Updates to Microsoft's Azure IoT Edge Offer Greater AI and Edge Solutions
Microsoft is hitting the IoT angles hard. Take a look at what Azure IoT Edge is now offering and how AI is slowly being integrated into edge networks.
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Last week heralded a significant update but Microsoft in Azure IoT Edge, their cloud solution for IoT. It’s emerging from preview mode and gaining support for new hardware devices, management services, and developer tools. The service "delivers cloud intelligence locally by deploying and running artificial intelligence (AI), Azure services, and custom logic directly on cross-platform IoT devices," according to the Azure website.
Microsoft detailed some of the use cases that had been realized in their preview stage:
"Since we introduced Azure IoT Edge just over a year ago, we have seen many examples of the real-world impact from the factory floor to the farm to run cloud intelligence directly on IoT devices. Now devices can act immediately on real-time data—whether it be recognizing a crack in a pipe from an aerial view or predicting equipment failure before it happens. As we evolve toward a world of ubiquitous computing, the design of the IoT solution spanning hardware, edge, and cloud must be consistent and secure to drive real impact."
IoT Edge is now open source and available on Github, which Microsoft recently acquired for $7.5 billion. The new offering also provides a great framework for developing and deploying custom IoT edge modules.
IoT Edge is made up of three components:
- Azure IoT Edge modules are containers that run Azure services, 3rd party services, or your own code. They are deployed to IoT Edge devices and execute locally on those devices.
- The Azure IoT Edge runtime runs on each IoT Edge device and manages the modules deployed to each device. An interesting fact is this runtime will be open sourced to the developer community so that they can make changes and additions to it.
- A cloud-based interface enables you to remotely monitor and manage IoT Edge devices.
Increased Functionality to IoT and the Edge
What's truly interesting about Microsoft's developments is the capabilities it awards in developing edge computing solutions that were previously cost and time prohibitive, consistent with a move towards a hybrid cloud/edge computing model with greater analytic capabilities due to AI and machine learning.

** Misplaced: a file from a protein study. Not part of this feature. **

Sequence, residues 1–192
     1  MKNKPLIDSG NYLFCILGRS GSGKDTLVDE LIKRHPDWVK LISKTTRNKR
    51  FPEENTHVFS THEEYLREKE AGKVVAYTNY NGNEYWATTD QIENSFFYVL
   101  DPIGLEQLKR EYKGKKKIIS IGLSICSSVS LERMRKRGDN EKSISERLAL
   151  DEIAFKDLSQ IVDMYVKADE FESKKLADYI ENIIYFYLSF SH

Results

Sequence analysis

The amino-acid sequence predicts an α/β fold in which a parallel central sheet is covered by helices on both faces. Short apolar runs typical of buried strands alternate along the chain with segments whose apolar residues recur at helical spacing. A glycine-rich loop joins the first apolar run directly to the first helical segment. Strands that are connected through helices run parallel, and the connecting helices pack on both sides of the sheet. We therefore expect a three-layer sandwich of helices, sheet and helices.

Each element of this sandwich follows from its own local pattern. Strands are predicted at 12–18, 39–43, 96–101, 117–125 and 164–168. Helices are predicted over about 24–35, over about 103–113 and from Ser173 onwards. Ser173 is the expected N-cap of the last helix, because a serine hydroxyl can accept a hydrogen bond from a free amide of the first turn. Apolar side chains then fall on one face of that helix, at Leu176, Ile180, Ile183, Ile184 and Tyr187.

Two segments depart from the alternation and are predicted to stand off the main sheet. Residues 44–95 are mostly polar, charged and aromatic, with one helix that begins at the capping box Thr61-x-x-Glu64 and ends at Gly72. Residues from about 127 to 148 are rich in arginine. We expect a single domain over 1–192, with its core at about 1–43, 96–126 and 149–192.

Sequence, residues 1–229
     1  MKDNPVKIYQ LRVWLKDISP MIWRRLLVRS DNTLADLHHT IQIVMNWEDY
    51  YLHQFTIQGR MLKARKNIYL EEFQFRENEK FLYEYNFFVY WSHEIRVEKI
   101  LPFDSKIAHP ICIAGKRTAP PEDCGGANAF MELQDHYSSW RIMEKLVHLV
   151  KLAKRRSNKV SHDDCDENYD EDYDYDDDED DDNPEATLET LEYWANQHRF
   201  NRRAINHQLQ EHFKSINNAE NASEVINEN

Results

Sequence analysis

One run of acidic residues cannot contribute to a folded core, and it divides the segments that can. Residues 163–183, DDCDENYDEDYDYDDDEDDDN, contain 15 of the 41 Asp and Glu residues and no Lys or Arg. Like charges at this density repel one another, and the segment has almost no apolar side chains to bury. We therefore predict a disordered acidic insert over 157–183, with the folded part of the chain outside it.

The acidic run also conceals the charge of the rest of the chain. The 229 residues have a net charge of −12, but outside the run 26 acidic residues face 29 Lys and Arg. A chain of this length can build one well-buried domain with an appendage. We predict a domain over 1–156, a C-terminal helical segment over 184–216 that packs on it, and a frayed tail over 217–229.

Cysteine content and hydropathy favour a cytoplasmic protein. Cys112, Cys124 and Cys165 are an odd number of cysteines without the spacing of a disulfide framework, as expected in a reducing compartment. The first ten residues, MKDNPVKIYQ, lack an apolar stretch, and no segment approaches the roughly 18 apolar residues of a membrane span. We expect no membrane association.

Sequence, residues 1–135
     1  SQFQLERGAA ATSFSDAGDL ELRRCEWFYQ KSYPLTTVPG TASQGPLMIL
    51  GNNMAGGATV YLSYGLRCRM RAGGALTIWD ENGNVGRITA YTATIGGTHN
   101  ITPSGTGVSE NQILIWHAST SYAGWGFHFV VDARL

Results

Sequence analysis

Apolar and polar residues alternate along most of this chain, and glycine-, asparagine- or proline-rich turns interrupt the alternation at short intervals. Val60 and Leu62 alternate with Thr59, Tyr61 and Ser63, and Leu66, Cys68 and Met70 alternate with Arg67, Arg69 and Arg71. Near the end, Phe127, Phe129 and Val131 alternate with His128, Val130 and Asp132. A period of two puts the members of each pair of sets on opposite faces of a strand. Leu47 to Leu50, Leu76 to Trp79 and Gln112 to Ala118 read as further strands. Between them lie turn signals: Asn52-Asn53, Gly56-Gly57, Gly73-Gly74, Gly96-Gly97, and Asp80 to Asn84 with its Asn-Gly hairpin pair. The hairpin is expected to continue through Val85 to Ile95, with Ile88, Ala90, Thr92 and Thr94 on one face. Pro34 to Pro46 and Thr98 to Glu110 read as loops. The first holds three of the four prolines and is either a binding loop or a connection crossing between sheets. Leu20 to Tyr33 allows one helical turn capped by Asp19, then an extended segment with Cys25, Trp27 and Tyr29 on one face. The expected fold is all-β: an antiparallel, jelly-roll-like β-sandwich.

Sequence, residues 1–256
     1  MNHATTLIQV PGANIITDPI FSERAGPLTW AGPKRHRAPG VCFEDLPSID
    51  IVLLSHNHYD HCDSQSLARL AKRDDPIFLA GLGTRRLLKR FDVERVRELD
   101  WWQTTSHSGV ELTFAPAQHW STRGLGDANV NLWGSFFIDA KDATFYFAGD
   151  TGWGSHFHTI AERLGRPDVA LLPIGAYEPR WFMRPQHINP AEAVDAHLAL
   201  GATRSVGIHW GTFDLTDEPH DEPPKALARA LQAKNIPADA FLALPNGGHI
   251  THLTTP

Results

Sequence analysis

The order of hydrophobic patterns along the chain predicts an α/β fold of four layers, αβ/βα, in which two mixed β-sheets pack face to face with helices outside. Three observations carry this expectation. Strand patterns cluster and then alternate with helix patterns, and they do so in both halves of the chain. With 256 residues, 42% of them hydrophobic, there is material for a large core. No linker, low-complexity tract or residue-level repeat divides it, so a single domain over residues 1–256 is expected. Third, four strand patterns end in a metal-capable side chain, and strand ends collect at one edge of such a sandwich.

AI and machine learning can be used to make a factory truly smart: for example, enabling an asset or piece of equipment to not simply monitor a machine but make decisions about what’s going on in the factory floor without the need of human intervention. The combination of Sensors and AI can enable a machine to gain insight into a failing part before it fails and alert workers to instigate predictive maintenance rather than simply running on an automated repair schedule. In some instances, the machine may even be able to self-repair. This is light years away from an earlier IoT era of machines simply collecting a deluge of data without the real ability to analyze data effectively or efficiently leading to either large amounts of unanalyzed data, or sole reliance on cloud computing causing significant delays in data processing and decision making in time critical applications.
I was interested to get some perspective from an end user about the impact of the IoT Azure improvements on their business and spoke to Huck Bales, Senior MES Engineer at Stone Technologies;
"Azure IOT Edge is truly disruptive because it provides a framework for IIOT design patterns. I can develop a collection of containers in a modular way, each providing a specific function, and deploy the required functionality to the edge.
From a market perspective, this enables large companies with many factories to deploy a low-cost and consistent gateway for process and production data.
Perhaps more interesting is the opportunity for small manufacturers that may have only a PLC and a panel view. Now they have an affordable way to get that data directly to the cloud to visualize their process."
Azure IoT Edge will include a simplified developer experience. The service will support more programming languages than other edge offerings on the market, including C#, C, Node.js, Python, and Java, so developers have more choice in how they program edge modules. The service will also aim to simplify module development by coding, testing, debugging, and deploying from VSCode. And CI/CD pipelines with VSTS will help developers manage the complete lifecycle of the Azure IoT modules from development, testing, staging, and deployment.
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